In some circles, it’s almost uncool to say you’re Sri Lankan. Or so it seems. At Groundviews what’s trending is ‘I Am Not A Sri Lankan‘. Via Twitter they’re working overtime to point out that A) that I grew up in America B) poking fun at the idea that elephants have land rights C) telling me to sing kumbaya. They’re missing the point. And the boat.
This ship is going to sail. Sri Lanka is coming together. And really, what alternative is there? Separation was one idea but it didn’t go well. It just wasted a generation. We’re not wasting this one.
Our kids deserve a better future than this, and if we just give them a safe place to grow up they can make it. That’s why Sri Lanka Unites is such a beautiful thing to see. They’re not demanding anything from the current government. They’re supporting the next one. I’ve been listening to their live feed in the mornings and following the conference with great happiness. Here’s a report from the first day:
Like a tree that needs roots to grow, peace and healing need to place their foundations in the cultural perceptions of the people. Prashan proceeded to introduce the conference and welcome the students to the largest ever annual gathering put on by Sri Lanka Unites. Once again, the youth had defied expectations and agreed to invest in the future of their country without relying on the failed stereotypes of the past.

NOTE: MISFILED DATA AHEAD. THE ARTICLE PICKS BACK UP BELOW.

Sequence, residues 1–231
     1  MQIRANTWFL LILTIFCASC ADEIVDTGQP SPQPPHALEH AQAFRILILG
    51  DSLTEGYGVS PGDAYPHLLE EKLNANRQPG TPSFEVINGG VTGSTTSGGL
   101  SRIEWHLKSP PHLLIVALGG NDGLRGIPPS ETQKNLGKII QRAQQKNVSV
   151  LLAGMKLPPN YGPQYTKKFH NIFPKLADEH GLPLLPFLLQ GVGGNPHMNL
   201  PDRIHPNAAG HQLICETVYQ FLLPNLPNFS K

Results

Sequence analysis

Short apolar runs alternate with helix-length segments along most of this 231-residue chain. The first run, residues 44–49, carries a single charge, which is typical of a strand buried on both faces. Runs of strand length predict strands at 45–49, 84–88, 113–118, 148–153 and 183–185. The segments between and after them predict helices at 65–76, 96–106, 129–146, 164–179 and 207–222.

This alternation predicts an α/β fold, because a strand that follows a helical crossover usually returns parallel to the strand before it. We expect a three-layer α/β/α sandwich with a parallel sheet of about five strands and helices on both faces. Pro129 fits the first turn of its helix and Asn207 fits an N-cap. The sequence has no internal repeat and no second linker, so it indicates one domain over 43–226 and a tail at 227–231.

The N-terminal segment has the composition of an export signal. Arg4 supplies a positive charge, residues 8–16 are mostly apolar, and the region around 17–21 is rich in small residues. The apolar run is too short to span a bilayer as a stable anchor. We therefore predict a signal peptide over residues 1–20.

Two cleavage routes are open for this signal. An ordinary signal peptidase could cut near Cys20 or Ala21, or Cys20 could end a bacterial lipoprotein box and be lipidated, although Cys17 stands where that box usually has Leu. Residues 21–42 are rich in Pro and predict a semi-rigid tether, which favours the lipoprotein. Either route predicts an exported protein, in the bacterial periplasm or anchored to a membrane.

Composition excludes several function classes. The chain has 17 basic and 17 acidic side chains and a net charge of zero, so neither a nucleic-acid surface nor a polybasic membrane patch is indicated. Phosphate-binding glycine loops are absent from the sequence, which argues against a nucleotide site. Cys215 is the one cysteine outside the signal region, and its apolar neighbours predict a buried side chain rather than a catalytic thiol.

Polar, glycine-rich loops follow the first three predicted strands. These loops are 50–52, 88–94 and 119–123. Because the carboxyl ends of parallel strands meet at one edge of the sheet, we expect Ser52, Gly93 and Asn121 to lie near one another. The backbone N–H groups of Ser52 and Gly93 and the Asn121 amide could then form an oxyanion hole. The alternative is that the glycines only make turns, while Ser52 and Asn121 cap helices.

As a sign of respect to the nation and the cause of reconciliation, all the students joined in a rendition of the national anthem. Representatives from all parts of the island and abroad walked to the front to participate in a traditional candle lighting ceremony. No Sri Lankan should feel that they are irrelevant within their country, and all citizens should be proud of their national heritage. Once everyone had taken their seats, the Trinity College principal addressed the audience. The civil war had taken its toll, and principal made it clear that he had seen firsthand the devastation that war could bring. The time is ripe for a new generation of Sri Lankans to engage the well-being of their nation. The country cannot afford to wait for others to take the initiative. The future of the nation belongs to the youth, and they must rise up to meet the opportunity that has been given to them. As SLU staff member and announcer Selyna stated, “It is diversity and not division that we have in Sri Lanka.” (Sri Lanka Unites blog)